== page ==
What is the difference between coffee blends?
What is the difference between coffee blends?
The best Coffee blends are special types of coffee that come from different origins. Just like the name sounds, it contains coffee beans not only from different origins but from different conditions like humidity, temperature, sunlight, aeration, and soil conditions.
If you're a fan of an early morning or any time of the day coffee, by now, you would understand that coffees have gone beyond a scoop of black or brown coffee beans, sugar, and milk. Speciality coffee has transcended into blends of flavour, types of beans, techniques, roast levels, and acidity.
This article would give you the knowledge you'll need to properly differentiate blends of coffee that goes beyond just the taste.
Single Origin Coffee vs Coffee blends
The difference between blended coffee and coffees from single origins is that single origin coffees come from a source under the same condition. While blended coffees are a blend of a variety of beans from different origins.
The term 'origin' here is subjective. Many people selling coffees believe coffees from a particular country are from a single origin. Meanwhile, the coffee beans grow in many different microclimates of the same origin.
Technically, they are coffee beans that were not properly selected. Hence, the flavour and uniqueness of each type of beans are not properly appreciated before exploration with other types of beans.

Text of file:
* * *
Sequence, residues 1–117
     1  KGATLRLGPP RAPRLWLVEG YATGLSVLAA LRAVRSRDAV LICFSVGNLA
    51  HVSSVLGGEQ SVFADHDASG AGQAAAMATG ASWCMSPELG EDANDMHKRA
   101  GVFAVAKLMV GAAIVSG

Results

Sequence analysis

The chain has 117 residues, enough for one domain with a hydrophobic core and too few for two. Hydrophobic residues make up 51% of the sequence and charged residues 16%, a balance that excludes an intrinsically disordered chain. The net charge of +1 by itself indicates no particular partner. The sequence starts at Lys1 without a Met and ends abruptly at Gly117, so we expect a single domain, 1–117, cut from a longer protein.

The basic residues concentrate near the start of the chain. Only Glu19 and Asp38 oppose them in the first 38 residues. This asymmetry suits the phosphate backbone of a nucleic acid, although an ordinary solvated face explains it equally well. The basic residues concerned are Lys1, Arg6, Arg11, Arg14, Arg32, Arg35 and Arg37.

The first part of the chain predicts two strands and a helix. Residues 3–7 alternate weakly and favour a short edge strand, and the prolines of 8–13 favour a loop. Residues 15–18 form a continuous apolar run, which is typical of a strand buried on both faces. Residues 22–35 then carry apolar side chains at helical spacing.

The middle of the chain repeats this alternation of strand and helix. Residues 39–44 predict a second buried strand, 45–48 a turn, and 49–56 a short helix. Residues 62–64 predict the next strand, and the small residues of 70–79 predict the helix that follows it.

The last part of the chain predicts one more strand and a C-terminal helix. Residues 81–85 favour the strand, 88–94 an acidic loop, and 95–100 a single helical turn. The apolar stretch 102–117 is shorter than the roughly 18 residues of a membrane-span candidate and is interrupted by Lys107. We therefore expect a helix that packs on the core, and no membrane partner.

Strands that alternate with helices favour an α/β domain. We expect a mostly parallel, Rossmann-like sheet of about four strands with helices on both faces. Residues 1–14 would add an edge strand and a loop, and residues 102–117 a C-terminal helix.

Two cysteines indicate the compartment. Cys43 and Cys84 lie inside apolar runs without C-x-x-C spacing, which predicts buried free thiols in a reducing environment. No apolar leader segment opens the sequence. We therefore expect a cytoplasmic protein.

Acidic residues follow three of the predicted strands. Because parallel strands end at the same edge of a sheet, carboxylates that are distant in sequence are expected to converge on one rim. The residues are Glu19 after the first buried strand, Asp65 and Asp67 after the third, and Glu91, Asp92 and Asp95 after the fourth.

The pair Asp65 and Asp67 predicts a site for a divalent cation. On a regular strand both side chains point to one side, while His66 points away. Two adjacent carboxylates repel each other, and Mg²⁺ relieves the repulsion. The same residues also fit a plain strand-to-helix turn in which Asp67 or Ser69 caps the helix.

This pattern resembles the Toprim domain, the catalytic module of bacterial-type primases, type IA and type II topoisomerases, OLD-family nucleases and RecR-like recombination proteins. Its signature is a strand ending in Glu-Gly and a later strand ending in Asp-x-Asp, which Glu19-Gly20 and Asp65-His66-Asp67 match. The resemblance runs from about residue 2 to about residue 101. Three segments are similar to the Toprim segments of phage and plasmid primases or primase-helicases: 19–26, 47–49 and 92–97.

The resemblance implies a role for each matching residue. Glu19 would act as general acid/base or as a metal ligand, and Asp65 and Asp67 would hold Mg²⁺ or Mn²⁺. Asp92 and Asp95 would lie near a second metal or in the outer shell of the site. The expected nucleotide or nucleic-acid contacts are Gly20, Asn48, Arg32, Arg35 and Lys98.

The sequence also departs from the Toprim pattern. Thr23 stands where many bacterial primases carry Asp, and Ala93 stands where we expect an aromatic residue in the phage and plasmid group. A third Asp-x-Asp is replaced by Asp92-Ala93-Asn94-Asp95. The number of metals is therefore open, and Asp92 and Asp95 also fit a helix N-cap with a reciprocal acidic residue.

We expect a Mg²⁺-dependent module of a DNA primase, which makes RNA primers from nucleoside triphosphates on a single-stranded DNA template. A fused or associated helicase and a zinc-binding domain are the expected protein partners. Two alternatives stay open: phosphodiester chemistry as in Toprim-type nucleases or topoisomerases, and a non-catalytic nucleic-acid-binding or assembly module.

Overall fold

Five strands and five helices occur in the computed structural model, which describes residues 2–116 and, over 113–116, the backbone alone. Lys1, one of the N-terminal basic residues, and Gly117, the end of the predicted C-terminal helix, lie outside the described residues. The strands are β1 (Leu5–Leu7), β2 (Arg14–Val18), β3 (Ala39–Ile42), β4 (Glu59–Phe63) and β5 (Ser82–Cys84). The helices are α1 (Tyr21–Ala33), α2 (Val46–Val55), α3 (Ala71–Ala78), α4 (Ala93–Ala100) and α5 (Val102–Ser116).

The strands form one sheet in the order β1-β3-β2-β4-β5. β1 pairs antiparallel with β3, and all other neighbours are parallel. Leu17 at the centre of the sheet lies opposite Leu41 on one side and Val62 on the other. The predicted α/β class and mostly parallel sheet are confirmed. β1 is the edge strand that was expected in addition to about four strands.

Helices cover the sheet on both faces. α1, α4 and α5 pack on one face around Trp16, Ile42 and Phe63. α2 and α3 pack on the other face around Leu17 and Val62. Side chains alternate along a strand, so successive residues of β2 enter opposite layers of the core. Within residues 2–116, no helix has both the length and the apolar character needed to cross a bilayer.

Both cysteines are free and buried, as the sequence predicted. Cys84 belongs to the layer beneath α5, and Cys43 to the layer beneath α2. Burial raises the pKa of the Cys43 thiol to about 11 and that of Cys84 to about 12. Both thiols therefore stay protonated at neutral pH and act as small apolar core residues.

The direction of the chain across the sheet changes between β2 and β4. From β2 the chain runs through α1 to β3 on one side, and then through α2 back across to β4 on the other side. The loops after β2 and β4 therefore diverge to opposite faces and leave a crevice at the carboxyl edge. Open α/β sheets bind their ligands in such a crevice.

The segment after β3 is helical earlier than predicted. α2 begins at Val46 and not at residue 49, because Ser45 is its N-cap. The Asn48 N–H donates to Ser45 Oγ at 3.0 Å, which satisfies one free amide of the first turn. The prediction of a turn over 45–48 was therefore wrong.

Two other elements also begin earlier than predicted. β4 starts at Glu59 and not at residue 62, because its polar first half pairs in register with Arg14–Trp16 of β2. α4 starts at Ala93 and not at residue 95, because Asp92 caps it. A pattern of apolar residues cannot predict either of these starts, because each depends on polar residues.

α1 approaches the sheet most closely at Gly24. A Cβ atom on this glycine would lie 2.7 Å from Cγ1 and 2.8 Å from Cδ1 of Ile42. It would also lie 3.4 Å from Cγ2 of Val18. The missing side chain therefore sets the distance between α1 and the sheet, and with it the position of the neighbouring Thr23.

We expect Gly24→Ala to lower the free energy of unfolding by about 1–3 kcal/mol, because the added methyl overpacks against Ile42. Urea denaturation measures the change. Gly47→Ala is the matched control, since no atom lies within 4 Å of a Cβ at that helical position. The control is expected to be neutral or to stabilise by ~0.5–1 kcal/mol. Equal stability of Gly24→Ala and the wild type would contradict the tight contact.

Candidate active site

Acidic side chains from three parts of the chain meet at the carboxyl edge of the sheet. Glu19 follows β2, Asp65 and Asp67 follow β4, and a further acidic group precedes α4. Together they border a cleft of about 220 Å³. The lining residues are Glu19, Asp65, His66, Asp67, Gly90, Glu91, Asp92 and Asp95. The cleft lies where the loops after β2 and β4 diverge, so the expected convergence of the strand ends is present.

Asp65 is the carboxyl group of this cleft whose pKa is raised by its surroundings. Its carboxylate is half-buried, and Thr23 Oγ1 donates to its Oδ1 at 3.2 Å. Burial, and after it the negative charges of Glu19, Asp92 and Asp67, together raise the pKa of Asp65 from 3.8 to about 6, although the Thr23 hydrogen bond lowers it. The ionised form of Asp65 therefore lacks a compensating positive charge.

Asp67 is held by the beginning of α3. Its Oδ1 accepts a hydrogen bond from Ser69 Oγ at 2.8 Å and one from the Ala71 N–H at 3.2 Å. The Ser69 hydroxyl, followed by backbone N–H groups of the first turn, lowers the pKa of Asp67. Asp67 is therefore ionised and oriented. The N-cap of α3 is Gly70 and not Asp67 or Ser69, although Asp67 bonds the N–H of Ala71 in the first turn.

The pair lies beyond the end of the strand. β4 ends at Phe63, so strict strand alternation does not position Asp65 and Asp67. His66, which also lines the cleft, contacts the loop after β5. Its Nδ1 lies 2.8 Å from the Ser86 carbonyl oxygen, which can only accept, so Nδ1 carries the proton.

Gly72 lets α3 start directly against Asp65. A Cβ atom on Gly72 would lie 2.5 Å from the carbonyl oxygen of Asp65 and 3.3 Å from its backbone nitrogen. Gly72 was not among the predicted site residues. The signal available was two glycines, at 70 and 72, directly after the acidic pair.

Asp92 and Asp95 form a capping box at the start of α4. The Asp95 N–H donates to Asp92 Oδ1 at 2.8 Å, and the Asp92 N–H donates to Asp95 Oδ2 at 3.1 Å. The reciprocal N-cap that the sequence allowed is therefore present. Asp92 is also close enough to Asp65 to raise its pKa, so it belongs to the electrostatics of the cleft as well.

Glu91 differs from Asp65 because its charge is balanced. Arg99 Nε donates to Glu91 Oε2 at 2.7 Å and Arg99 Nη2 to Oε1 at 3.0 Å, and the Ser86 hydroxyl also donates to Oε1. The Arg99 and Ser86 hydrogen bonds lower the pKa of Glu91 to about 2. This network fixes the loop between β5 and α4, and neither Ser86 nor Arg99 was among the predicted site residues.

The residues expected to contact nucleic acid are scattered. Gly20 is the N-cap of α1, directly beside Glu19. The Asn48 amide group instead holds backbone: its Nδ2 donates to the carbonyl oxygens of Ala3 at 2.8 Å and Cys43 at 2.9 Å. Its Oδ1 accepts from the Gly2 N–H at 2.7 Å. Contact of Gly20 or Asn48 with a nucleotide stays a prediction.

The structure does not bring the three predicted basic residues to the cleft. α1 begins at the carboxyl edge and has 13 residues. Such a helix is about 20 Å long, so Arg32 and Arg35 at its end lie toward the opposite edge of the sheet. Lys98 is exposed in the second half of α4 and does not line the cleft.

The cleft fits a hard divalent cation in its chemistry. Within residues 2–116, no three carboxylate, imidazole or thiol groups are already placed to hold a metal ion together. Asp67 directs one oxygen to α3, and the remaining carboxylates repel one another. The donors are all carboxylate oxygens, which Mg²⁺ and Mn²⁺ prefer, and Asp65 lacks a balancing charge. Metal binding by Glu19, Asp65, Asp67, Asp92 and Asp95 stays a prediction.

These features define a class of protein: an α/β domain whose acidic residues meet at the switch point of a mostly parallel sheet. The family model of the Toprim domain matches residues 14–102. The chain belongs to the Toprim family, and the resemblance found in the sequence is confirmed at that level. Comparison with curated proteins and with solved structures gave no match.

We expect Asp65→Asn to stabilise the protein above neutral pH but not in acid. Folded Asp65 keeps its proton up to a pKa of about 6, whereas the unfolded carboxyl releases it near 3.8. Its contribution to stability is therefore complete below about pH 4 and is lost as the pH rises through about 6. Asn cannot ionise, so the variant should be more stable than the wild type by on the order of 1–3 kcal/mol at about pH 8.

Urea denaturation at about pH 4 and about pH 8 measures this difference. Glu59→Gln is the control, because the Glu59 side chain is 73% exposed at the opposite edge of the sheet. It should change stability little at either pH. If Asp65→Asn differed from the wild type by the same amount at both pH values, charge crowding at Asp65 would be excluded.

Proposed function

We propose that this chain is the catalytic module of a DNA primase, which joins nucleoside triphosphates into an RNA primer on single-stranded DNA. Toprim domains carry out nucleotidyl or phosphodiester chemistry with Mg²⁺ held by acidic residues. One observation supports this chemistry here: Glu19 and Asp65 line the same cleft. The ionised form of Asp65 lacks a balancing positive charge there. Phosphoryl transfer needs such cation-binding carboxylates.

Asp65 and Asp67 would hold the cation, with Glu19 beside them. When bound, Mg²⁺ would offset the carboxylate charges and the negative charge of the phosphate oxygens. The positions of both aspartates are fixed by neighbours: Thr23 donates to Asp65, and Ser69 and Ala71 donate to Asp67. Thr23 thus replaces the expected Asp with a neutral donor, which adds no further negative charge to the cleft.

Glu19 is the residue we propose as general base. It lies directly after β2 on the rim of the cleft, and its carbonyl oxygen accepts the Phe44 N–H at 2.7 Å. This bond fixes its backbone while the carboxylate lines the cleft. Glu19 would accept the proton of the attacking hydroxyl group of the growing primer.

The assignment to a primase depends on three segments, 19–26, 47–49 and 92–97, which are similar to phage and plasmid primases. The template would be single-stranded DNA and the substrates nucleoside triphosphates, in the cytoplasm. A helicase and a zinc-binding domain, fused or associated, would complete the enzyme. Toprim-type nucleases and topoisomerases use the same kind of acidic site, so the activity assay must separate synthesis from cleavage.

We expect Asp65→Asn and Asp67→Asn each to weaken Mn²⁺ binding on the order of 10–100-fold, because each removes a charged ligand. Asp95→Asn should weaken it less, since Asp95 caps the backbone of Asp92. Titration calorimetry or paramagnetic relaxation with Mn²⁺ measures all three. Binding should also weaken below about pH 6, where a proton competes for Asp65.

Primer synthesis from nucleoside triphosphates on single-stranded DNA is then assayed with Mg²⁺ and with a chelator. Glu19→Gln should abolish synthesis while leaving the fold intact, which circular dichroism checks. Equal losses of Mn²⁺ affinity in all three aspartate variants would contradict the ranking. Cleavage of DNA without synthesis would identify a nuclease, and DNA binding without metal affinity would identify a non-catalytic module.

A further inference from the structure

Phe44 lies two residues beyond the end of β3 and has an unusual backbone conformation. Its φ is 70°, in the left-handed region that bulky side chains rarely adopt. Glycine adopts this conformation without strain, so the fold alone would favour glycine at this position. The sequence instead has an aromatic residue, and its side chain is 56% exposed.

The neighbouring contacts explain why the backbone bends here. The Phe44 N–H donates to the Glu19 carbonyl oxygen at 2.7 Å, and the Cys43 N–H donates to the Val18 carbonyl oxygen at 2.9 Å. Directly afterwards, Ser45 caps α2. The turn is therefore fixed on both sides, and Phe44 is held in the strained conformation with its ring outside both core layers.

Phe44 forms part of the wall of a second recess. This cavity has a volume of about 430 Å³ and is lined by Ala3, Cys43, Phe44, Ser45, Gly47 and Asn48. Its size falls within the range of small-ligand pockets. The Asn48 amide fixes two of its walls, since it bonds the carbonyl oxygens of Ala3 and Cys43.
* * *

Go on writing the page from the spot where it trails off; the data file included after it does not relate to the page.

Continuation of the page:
Espresso Coffee Blends
Espresso coffee typically survives on the complexity it oozes. The complexity is all around the brew and simplicity does not cut it. A good espresso, therefore, is a balance in acidity, taste, flavour, and after taste.
Espresso coffee blends are made from beans gotten from many countries all over the globe majorly from Brazil, Kenya, Colombia, Mexico, Peru e.t.c depending on the type of flavour that is needed.
For example, coffees from Panama and Peru don't exert their flavour but still comes out with a wonderful taste. While Ethiopian and Kenyan coffee beans have a dominating flavour and powerful brightness respectively.
However, the most distinct characteristic of espresso coffee is the formation of creamy bubbles that traps aromatic compounds. These bubbles are called crema. The bubbles magically leave an aftertaste that would be enjoyed long after taking an espresso.
Cappuccino Coffee Blends
If a café is Italian and there is no history of cappuccino servings, please leave, it is probably a café that probably has no name, to begin with.
Although both Italian coffees, Espresso is much older than a cappuccino. That is, the invention of the espresso machine comes before any Italian could even taste a cappuccino. Cappuccino is a derivative of espresso coffee.
A standard cappuccino contains espresso with carefully measured frothed milk, liquid, and foam milk.
The coffee beans used for cappuccino are usually acidic to break into the alkalinity of the milk. The roast of the bean must also be intense; at least brownish or dark roast.